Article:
Bitter Sweet, But Ultimately, a Sweet Deal!

As part of my therapy, my psychiatrist and I,​​ aside from the fundamentals of CBT/ERP therapy, have​​ been working on identifying lifestyle factors which may be​​ exacerbating my OCD and Depression,​​ by negatively impacting things,​​ such as, my general mood, energy levels, brain health, sleep cycle, etc.

I have found this holistic approach, to be quite beneficial so far. Small changes, on their own, can often seem pointless, and unlikely to have much in the way of a positive impact.​​ Yet, I have found, that these small changes, really can make a big difference, in their own right, and even more so when you add them all together.​​ I guess, in the unexpectedly wise words of a certain supermarket’s slogan, “every little helps”.​​ 

I intend to document each of the individual changes I have made,​​ here, in my Therapy Diary, over the next few weeks, starting today, and starting with diet.​​ 

According to my psychiatrist, studies have shown that there is a strong link between “good gut health” and “good brain health”. In order to promote “good gut health”, it is advised​​ to​​ eat lots of vegetables, of as many varieties as possible,​​ and foods containing, “light bacteria”, such as yogurts, unpasteurised cheeses, and any breads made with sour dough. Conversely, foods that are processed, and contain lots of excess sugar,​​ and fat, such as crisps, chocolate, sweets, biscuits etc, have been shown to negatively affect mood, and as such are to be avoided.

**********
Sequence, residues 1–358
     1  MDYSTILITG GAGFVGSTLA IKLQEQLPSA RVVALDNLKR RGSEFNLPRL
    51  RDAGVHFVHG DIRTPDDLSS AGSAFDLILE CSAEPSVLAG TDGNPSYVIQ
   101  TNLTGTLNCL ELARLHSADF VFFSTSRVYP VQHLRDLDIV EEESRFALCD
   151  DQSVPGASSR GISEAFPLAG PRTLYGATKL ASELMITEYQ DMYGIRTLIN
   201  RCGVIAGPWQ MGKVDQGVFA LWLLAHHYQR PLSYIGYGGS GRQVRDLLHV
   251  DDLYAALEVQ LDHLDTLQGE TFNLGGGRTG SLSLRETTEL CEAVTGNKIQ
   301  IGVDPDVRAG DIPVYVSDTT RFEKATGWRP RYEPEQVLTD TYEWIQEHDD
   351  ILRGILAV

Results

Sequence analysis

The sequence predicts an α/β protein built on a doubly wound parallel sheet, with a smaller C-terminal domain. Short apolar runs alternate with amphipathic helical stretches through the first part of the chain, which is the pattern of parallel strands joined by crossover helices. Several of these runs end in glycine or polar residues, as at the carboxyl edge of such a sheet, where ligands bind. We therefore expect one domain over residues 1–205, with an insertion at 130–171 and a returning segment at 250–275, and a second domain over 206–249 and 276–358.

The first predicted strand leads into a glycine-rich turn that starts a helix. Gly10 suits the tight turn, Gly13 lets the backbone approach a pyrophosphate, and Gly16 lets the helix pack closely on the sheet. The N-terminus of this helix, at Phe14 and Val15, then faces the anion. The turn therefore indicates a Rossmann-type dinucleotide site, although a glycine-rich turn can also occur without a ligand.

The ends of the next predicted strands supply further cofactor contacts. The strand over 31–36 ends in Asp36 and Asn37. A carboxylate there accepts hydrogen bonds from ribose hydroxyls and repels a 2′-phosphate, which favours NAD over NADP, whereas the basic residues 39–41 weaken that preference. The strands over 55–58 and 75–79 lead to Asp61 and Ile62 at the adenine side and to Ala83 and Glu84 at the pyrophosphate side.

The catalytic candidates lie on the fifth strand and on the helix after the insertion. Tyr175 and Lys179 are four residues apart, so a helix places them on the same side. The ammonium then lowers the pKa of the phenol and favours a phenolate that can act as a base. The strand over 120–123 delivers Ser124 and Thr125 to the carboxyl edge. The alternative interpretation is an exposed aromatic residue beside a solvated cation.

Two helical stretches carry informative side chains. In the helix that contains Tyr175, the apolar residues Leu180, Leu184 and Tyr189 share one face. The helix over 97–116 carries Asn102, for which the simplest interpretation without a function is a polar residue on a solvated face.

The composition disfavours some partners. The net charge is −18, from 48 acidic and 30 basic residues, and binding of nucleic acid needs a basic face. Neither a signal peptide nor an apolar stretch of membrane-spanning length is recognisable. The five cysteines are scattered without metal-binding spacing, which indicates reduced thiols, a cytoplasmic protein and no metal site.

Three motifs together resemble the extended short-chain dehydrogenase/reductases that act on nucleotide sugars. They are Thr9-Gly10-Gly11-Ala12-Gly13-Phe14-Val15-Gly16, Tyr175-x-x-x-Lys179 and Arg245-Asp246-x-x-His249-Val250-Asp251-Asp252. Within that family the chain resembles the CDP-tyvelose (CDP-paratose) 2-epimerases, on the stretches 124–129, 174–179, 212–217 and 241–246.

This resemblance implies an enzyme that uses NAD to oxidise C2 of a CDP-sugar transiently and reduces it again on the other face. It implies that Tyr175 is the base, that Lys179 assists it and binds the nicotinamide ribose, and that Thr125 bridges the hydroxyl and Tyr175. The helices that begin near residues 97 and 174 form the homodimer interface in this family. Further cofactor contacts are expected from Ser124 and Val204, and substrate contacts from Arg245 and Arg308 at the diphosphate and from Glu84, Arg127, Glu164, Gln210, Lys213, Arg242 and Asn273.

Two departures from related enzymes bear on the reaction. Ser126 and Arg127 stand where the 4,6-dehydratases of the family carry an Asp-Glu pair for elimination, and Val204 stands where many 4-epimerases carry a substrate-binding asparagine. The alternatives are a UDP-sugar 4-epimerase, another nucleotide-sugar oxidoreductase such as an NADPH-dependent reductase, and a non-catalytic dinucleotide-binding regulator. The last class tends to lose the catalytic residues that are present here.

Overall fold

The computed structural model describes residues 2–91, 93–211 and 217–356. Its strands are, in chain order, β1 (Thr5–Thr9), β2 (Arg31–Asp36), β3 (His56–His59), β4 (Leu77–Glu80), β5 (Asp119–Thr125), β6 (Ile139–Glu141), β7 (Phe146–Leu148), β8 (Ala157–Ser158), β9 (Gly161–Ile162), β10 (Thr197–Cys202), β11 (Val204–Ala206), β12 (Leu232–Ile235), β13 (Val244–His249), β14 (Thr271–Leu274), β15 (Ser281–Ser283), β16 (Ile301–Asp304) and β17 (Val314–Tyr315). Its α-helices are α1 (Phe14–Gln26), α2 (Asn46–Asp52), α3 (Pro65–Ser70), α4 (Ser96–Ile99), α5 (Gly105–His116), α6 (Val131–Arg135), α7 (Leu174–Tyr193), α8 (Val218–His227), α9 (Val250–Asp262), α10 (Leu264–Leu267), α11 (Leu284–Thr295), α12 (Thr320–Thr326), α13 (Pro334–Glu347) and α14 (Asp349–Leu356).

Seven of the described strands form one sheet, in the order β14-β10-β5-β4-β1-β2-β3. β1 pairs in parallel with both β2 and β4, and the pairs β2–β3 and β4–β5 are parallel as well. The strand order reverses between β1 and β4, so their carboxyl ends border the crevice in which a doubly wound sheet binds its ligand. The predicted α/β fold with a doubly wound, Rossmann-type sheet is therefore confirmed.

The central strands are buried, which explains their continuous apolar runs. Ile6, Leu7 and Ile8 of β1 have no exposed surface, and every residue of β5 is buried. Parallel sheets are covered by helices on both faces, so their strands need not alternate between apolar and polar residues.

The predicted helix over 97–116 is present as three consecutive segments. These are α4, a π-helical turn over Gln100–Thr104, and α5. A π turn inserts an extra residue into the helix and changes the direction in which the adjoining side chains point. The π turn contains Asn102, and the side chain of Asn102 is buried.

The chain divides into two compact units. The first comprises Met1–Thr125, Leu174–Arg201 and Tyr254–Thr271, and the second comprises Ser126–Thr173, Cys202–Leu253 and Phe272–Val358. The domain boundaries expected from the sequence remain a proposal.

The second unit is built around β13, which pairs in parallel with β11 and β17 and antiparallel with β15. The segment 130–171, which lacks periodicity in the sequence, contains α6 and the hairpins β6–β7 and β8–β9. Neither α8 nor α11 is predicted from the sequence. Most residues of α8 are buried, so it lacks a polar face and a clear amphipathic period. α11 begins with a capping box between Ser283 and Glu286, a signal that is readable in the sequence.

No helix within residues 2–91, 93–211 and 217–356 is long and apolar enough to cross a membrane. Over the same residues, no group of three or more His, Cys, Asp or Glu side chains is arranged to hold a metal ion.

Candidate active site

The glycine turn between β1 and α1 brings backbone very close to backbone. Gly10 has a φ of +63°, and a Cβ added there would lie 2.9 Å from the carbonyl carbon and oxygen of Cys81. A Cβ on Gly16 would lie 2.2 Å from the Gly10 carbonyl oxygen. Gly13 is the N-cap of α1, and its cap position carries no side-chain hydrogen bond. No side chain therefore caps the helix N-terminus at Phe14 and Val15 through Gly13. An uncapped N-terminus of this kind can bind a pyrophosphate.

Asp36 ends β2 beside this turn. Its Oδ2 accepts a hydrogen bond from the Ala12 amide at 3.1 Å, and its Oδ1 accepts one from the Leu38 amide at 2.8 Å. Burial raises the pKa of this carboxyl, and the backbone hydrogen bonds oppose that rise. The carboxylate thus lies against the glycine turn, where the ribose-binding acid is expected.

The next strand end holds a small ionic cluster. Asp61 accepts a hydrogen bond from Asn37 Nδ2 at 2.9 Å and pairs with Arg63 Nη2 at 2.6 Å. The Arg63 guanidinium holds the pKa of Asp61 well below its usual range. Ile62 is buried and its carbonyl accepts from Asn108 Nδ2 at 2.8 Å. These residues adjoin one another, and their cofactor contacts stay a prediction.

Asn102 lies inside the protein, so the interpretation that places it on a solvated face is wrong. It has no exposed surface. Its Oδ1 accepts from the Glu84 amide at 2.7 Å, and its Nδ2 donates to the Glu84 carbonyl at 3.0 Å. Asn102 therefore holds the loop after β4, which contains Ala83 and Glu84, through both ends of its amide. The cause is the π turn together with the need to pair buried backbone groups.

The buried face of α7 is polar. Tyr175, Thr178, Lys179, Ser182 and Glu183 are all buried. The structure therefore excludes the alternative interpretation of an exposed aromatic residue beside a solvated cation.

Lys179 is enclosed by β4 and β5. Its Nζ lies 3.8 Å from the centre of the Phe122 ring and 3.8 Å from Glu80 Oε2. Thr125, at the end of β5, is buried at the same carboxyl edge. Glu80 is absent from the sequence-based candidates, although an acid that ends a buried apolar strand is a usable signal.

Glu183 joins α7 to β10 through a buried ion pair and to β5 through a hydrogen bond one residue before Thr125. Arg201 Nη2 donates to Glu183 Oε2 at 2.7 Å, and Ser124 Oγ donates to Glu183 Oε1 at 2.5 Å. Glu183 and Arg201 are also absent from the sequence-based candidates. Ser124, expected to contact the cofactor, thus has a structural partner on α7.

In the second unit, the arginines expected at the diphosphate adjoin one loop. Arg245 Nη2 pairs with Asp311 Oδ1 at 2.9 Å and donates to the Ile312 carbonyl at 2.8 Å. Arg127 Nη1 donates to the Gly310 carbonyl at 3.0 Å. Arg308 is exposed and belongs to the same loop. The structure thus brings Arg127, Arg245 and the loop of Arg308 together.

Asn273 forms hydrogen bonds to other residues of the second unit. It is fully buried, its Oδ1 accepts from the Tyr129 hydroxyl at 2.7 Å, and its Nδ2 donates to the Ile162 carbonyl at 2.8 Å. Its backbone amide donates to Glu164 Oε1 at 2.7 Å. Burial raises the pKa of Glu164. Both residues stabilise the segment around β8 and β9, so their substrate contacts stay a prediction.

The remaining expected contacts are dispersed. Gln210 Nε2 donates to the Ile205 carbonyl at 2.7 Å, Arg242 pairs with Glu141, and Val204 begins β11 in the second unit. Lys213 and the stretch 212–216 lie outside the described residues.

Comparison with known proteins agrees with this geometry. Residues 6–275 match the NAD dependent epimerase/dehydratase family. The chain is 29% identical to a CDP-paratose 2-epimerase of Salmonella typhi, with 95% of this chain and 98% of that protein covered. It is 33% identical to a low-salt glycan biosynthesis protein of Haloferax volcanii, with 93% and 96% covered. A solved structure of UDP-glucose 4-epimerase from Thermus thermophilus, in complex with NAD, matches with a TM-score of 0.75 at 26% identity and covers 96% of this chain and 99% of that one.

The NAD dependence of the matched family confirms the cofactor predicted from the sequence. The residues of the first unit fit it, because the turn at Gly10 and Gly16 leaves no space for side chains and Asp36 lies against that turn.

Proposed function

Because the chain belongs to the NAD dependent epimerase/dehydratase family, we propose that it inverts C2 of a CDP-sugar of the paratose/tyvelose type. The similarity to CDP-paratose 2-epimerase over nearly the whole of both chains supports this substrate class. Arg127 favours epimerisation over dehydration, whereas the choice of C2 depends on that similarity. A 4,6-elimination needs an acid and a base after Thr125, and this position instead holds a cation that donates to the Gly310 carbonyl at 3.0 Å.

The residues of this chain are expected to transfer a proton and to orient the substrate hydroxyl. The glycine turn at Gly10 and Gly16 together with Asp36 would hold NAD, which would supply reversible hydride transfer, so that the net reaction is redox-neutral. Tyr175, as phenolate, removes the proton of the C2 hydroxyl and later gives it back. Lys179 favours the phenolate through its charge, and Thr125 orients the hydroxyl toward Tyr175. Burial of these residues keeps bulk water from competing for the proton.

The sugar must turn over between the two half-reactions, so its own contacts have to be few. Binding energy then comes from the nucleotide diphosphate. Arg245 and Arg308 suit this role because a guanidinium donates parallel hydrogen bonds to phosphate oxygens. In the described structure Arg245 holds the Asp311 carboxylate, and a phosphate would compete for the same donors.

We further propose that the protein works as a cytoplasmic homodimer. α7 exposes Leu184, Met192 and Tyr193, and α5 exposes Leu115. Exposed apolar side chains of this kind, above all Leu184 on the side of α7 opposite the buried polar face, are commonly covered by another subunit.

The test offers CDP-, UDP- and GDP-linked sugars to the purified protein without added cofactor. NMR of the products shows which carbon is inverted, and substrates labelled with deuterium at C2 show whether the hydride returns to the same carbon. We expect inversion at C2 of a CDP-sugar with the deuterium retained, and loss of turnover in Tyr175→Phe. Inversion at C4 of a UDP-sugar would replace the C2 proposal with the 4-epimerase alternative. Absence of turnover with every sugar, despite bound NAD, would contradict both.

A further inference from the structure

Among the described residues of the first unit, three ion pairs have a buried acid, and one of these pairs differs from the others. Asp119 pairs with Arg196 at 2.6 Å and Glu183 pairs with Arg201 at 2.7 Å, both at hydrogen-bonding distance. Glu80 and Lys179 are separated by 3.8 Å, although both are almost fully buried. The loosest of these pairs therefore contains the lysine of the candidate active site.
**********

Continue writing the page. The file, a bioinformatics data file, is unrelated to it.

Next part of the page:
“But Doctor, surely we all deserve a treat in our lives?” You are probably thinking at this point, and I most certainly asked, when​​ faced with the prospect of eliminating all treats from my diet.​​ Thankfully, dark chocolate (ideally​​ containing 85-100%​​ cocoa​​ – I am currently using 70% cocoa and trying to work my way up into the recommended bracket), is allowed to remain on the menu. I say “remain”, however in my case it has been added, in place of milk chocolate.​​ 

At first, it really does seem a “bitter sweet deal”, as you forgo a lot of the little pleasures you are accustomed to;​​ however, for me, the benefits, in terms of improved mood, far outweigh the loss of such foodstuffs. The lift such treats give us​​ is​​ transient,​​ you feel good initially, however it is never long before you feel lousy. I would often feel guilty, bloated, sluggish, and to be honest, a little dirty. Having nixed them from my diet,​​ I feel significantly better in both body and mind.​​ Also, I am really enjoying the dark chocolate, and provided I eat only a small amount after dinner (between 2-4 squares at the minute), I feel none of the aforementioned negative feelings I would​​ have,​​ having eaten milk chocolate, or sweets etc. So ultimately, I guess​​ really, it’s a​​ “sweet​​ deal”, nothing bitter about it! Well, other than the dark chocolate, in taste only, that is.​​ 

Have I slipped up since making these changes? Of course I have! Did I expect I wouldn’t? Of course not! Do I expect I will slip up again? Of course I do! However,​​ knowing that studies have shown​​ that​​ such changes,​​ can,​​ improve mood, and having experienced such improvements first hand, it is something I intend to stick to, to the best of my ability.​​ After all, looking after my mental health is a priority.

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